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Fotherdale Stoats: Watching Stoats In My Garden

I’ve been watching a family of stoats in my garden and I’ve managed to get some great photographs which I plan to use as studies for my

I first spotted the stoats playing in the garden and when I saw one climb the wire mesh fence at the end of our boundary with incredible ease it gave me an idea.

I decided that if I could get the stoats to feed in the garden I could set up an assault course for them and watch them as they chased one another about. Stoats are very nimble and agile and I wanted to capture this skill.

I began putting out rabbits for them every day and once they were visiting the garden regularly, I set a trail of food along some old branches.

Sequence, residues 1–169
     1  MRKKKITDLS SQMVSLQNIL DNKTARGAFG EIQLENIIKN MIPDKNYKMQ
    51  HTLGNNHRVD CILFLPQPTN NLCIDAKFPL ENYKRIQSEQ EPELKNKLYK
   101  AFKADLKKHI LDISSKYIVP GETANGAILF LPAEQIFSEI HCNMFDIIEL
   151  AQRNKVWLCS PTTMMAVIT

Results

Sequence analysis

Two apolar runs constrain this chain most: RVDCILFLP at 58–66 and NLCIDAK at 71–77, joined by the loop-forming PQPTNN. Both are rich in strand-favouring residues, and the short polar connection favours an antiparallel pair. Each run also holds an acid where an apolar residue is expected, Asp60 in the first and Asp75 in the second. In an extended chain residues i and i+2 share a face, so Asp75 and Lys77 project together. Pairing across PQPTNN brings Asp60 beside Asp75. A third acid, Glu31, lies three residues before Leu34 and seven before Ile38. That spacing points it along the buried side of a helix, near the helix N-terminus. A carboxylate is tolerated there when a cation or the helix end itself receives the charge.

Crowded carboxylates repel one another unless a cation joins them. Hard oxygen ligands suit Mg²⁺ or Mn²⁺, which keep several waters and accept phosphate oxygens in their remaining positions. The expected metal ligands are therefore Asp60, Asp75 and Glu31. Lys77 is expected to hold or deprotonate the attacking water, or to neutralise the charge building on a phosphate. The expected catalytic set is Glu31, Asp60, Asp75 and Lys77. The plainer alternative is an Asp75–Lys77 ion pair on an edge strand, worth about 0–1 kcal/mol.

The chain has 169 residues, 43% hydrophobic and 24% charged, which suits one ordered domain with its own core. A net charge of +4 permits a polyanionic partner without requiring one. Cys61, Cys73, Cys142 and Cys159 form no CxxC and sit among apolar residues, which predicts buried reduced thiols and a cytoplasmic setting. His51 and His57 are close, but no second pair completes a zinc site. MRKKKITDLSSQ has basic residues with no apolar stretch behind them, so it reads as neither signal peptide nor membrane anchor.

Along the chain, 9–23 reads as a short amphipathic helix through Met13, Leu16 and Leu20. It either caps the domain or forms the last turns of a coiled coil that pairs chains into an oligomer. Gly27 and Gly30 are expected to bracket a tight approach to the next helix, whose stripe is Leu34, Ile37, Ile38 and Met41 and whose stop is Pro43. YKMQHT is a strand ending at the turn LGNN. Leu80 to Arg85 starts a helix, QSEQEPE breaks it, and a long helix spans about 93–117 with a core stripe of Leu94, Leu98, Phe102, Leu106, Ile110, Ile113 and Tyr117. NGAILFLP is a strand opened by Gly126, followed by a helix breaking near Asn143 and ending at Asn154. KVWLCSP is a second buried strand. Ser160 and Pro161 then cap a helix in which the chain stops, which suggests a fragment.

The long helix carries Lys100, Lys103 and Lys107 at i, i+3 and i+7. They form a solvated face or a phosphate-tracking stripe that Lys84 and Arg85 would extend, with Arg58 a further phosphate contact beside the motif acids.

At the top of the assault course I put a down a hollow log and left a rabbit inside it everyday.

It was fun to watch the stoats work for their food!


I kept changing and developing the assault course, to capture the stoats in different poses.

I love watching them. They are real characters.

They are also very cheeky. It didn’t take them long to work out that I was also putting food out for a family of kestrels and this one ventured up the branch to try to pinch it.


It got sharp shrift from the adult female kestrel. She swooped down and plucked the stoat off with her talons and flung him onto the ground!


I’ve continued to watch the stoats in the garden and year after year they have brought me so much joy. Below are the many paintings their presence here has inspired:

Stoat – In the Balance,
£1,450, Original Acrylic Painting
Framed Size: 12.75″ x 18.5″ Image Size: 4.25″x 9.5″
Climbing Stoat, painted by Robert E Fuller Click to Buy
Sitting Pretty, limited edition art print by Robert E Fuller Click to Buy
Stoat Cubs at Play, painted by Robert E Fuller
Stoat, painted by Robert E Fuller

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